After parsing out comments that support the volunteer and constructive criticism, they were left with hundreds of uninformed comments, most laced with vitriol, and threats to boycott the organization, its sponsors, and anyone involved. The potential "hurt" surpassed the original problem by a long shot, and the whole episode was heartbreaking to me.
     When an organization/person is being ganged up on in social media, apologies and commitments to do better seem to be lost while the venom just keeps getting recirculated. People didn't seem to understand they could support the volunteer without denouncing the organization. But instead, they bullied, putting someone down so their own status could be elevated ("Gee, aren't I a great citizen because I support this volunteer's grievance?"). NO, you are a great citizen when you can support the volunteer and actively help the organization get back to a point where you can support it again. In my world, smear campaigns are inconsistent with being a great citizen. Fortunately, some legitimate help emerged and they are now rolling out a plan. Eventually a better outcome will occur, but did there need to be so much hurt and drama along the way?
     All of this makes me wonder how much longer our Not-for-Profits will be able to attract quality staff and board members. It's one thing to be protected against liability, but when a social media mob comes calling, I worry that we won't have the stomach to take them on. I picture ominous shadows, wagging one finger to shame us while another finger is perched above the "send" button, ready to tear us all down for the slightest infraction.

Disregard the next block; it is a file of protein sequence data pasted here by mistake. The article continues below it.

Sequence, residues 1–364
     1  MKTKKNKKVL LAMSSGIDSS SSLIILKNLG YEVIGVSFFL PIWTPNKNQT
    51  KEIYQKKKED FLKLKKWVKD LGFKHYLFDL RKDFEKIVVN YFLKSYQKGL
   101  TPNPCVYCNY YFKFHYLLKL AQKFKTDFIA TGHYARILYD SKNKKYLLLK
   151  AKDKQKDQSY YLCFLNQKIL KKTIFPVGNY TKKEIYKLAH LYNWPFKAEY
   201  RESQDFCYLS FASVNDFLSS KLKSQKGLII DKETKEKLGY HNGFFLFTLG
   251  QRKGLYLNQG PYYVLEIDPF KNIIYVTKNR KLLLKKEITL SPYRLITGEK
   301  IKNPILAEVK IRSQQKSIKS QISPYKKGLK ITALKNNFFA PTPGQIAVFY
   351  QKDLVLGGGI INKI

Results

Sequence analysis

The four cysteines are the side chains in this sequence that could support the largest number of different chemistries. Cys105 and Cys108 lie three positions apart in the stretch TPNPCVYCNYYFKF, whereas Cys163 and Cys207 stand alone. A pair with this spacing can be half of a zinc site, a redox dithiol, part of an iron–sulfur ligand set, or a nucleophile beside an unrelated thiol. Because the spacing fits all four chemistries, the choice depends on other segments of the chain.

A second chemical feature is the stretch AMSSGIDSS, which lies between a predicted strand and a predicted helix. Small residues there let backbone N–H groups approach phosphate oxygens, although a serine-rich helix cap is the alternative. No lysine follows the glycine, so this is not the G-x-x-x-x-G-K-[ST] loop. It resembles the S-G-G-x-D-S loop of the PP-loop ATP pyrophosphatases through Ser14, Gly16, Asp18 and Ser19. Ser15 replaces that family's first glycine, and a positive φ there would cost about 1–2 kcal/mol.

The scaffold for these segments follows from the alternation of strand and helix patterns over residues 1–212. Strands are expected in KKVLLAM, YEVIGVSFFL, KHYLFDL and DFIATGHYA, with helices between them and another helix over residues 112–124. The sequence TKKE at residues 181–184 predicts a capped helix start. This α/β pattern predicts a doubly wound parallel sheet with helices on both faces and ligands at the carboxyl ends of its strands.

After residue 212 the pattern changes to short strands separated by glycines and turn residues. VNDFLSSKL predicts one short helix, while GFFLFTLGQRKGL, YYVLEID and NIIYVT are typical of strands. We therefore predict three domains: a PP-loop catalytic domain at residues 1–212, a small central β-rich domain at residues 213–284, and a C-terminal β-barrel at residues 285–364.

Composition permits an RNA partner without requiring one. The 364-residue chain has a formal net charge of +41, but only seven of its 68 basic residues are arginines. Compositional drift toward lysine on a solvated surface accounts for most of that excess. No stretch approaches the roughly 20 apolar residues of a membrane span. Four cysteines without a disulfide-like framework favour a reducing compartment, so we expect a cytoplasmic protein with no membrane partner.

Shameful acts do go on all the time, but I think we should be able to differentiate what is shameful from what was a mistake or what might have occurred early on someone's learning curve. How about a little more grace (Def'n: c ourteous goodwill), people?
Goodness is about character - integrity, honesty, kindness, generosity, moral courage, and the like. More than anything else, it is about how we treat other people.

The Answer   






I confess to being a late and reluctant adopter of dashboards, but that's not because they're not great (they are!). It's because I am not a visual person. While most people respond better to pictures and graphics, I am wired for words and narrative. But for you, dear readers, I'm going to suck it up and use words to tell you why you might want to use pictures.  

In "The Non-Profit Dashboard" Lawrence Butler (available through tells us that the purpose of a dashboard is to "engender thought, insight, and...good questions" and that effective dashboards will help each board member to engage in a meaningful way and bring out the wisdom, talent, and experience of the entire board. That sounds good, doesn't it? Butler lists ten benefits of working with a dashboard:

  1. Save time by reviewing highlights. It's a high level overview, not a substitute for all the info a board needs. Use the key indicators as prompts of where to seek more details.